California Bill Would Grant Employee Tax Deduction for Tuition Benefits

Leah Shepherd By Leah Shepherd May 23, 2023

​California legislators have been considering a bill that would enhance the tax benefits to employees for educational benefits employers provide, but the bill may not pass this year.

AB 509 proposed allowing employees to deduct up to $5,250 from their state income taxes for educational assistance provided by their employers. The tax deduction would apply to any payment made by an employer on or after Jan. 1, 2024, and before Jan. 1, 2026, for a qualified education loan incurred by the employee for education of the employee. The employer's payment could be to the employee or to the lender. The education assistance can include money for books, supplies and equipment.

"The goal of this [tax] exclusion is to ensure California addresses the student debt crisis that many people in the state face," the legislation states.

"Employers would not receive an additional [state] tax deduction or credit for providing the benefits," said Colleen Hart, an attorney with Proskauer in Los Angeles.

It appears AB 509 stalled in the legislature's appropriations committee and likely won't be enacted this year, according to Michael Kalt, an attorney with Wilson Turner Kosmo in San Diego. There's political agreement on the need to address student loan debt; however, the state budget shortfall posed concerns, he noted.

Federal Taxes

Employees already can receive $5,250 in tuition reimbursement free from federal taxes, at least until Jan. 1, 2026. Any amount over $5,250 should be reported as taxable income by the employee. Likewise, up to $5,250 of tuition reimbursement per employee per year is tax-deductible for the employer.

The federal tax rule ensures that "employers can provide tax-excusable education even if that education may not necessarily meet a job-related test," said Mary Hevener, an attorney with Morgan Lewis in New York City.

After this federal tax exclusion passed, "the number of employers providing such tuition assistance has increased, and [that number] is expected to continue increasing," Kalt said.

For federal tax purposes, if the employer requires the employee to take the coursework or training, it's not considered a tuition benefit, and the employer has to pay for it, whether it's online or in person. The company also must pay the employee for the hours spent on that task, just like other work time. Educational courses involving sports, games or hobbies are excluded from the federal tax break.

Rising Tuition Costs

Concerns about the costs of earning a college degree are growing. At public four-year colleges, average tuition and fees were $9,400 in 2021, about 10 percent higher than they were in 2011. At private nonprofit four-year colleges, average tuition and fees were $37,600 in 2021, about 19 percent higher than they were in 2011. At private for-profit four-year colleges, average tuition and fees were $18,200 in 2021, about 1 percent higher than they were in 2011, according to the National Center for Education Statistics in Washington, D.C.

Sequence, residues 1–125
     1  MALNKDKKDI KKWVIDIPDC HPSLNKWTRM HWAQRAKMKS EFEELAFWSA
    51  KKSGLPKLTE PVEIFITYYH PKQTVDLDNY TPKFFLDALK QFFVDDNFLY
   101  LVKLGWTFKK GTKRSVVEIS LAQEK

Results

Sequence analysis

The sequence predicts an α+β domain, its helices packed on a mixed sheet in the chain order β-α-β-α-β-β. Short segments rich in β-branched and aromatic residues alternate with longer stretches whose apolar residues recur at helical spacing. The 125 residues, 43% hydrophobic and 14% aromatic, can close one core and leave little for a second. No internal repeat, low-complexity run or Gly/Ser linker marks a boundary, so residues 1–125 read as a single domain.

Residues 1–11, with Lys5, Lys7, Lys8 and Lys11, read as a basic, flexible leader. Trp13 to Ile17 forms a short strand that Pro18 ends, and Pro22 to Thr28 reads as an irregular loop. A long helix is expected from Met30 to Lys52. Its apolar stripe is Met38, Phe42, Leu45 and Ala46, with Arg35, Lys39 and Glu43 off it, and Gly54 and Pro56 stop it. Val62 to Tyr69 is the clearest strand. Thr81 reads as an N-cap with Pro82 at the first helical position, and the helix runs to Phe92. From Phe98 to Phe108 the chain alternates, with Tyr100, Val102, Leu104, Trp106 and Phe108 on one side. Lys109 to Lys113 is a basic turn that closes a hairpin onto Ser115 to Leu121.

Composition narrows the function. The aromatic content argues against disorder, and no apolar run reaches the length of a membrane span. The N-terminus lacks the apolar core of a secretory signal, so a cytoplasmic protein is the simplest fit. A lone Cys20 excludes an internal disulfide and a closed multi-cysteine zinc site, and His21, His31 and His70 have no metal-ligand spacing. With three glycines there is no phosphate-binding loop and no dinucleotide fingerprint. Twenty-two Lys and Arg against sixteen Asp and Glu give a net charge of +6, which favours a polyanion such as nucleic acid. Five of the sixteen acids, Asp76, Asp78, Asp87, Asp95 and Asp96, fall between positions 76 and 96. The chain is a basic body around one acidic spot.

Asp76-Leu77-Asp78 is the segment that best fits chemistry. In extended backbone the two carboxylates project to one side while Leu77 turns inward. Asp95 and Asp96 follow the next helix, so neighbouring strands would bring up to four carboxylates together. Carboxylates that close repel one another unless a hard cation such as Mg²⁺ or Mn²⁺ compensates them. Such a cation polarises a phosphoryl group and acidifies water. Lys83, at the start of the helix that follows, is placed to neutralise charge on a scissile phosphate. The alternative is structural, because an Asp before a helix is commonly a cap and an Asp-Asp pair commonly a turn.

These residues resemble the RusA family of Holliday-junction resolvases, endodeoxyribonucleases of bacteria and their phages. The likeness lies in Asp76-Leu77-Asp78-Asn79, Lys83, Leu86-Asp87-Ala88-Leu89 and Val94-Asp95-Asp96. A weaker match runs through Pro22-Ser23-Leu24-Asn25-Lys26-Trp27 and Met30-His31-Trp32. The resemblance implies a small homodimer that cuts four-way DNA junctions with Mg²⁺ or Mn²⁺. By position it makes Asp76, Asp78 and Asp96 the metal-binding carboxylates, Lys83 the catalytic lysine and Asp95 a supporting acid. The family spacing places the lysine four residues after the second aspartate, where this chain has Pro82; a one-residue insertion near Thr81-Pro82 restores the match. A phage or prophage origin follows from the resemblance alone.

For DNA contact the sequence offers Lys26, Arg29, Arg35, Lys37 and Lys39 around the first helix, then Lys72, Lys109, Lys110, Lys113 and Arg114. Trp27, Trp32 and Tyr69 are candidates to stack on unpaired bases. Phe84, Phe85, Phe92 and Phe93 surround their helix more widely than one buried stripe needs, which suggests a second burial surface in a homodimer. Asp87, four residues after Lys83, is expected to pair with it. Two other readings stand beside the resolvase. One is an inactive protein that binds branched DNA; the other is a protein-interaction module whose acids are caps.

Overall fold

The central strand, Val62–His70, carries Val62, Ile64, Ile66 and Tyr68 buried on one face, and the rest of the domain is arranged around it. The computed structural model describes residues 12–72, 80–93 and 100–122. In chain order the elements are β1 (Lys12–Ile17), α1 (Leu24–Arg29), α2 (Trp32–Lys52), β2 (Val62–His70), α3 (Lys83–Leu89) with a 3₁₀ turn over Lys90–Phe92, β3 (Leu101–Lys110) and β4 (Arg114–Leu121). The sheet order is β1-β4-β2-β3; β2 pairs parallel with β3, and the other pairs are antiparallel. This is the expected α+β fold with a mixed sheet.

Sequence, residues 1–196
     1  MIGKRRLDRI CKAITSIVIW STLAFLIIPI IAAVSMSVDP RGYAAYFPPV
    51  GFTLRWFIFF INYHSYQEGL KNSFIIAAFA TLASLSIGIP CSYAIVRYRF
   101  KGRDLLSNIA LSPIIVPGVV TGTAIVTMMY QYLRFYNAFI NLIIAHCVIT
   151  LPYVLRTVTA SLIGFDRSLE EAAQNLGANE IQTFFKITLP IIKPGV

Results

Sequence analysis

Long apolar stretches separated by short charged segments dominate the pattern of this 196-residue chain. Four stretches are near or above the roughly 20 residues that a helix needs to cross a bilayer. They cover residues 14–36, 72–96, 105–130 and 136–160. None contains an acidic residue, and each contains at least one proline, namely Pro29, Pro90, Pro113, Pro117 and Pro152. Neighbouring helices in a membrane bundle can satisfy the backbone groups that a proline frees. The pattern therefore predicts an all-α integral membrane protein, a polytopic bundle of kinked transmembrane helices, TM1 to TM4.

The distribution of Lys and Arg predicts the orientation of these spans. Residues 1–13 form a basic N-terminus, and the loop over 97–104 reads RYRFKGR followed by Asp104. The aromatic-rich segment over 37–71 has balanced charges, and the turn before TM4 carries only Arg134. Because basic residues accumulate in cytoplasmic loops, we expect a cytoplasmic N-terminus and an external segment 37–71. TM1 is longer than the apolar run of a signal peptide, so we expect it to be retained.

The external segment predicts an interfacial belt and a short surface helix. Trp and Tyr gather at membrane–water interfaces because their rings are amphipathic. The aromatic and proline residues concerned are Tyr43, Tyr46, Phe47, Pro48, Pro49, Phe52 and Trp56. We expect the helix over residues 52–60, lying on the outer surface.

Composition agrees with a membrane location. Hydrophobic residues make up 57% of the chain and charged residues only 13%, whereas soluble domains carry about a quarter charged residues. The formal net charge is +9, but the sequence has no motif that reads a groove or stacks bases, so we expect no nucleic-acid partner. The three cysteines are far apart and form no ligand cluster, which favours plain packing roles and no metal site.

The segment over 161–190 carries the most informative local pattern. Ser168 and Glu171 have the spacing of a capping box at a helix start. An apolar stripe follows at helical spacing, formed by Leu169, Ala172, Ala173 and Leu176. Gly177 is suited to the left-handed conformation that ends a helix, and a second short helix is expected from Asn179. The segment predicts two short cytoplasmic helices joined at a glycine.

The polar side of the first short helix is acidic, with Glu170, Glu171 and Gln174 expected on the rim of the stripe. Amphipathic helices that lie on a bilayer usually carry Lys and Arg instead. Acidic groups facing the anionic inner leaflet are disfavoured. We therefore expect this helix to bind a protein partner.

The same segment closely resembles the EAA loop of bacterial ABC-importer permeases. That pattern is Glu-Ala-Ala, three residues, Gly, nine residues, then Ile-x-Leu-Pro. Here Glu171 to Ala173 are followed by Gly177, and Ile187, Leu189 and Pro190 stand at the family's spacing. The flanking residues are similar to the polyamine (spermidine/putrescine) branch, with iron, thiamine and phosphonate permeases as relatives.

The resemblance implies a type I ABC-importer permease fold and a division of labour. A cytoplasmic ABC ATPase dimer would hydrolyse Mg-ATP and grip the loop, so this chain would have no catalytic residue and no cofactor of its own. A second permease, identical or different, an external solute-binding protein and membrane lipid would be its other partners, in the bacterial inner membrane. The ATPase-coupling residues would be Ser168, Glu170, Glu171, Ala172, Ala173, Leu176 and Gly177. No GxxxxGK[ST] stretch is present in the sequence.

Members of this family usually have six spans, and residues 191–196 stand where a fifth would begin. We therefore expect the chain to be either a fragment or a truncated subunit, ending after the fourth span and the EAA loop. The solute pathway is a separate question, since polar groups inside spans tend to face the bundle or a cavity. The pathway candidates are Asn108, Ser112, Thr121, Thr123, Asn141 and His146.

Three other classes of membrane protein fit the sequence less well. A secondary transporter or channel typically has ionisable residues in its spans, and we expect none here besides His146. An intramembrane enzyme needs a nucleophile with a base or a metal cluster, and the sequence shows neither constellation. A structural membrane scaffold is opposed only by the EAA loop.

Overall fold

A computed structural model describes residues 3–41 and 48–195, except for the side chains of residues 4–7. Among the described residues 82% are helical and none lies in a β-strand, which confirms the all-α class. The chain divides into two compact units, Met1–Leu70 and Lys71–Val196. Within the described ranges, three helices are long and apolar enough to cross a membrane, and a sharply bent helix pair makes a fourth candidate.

Forty-eight percent of employers offered undergraduate or graduate tuition assistance in 2022, and 7  percent offered student loan repayment assistance, according to SHRM Research. The average maximum education assistance was $5,070 in 2022.

Tuition assistance and student loan repayment programs can help employers boost recruitment, retention and productivity, especially in a tight labor market, which is affecting some industries today.

"Student loan pressures may lead to both increased costs for turnover, as employees seek higher paying jobs to reduce the burden of payments, and reduced productivity and efficiency due to employees' financial stress," Hart said. "Companies with a significant percentage of employees with student loans in competitive job markets may be more likely to offer student loan payments as a benefit."

In their written benefit policies, employers should carefully outline the eligibility requirements, the class of employees eligible for the benefit, the amounts of benefit available, and the types of educational programs and expenses that qualify under the program. Some employers require recipients to pay back the money if they leave the company within a year or two of receiving the benefit. They should make sure that any repayment provisions don't violate state laws limiting the use of noncompete agreements, according to recent analysis from Bradley Arant Boult Cummings.



Hire the best HR talent or advance your own career.

Break California’s intricate labor code.

Successfully interpret and apply California employment law to your organization’s people practices.

Successfully interpret and apply California employment law to your organization’s people practices.



HR Daily Newsletter

News, trends and analysis, as well as breaking news alerts, to help HR professionals do their jobs better each business day.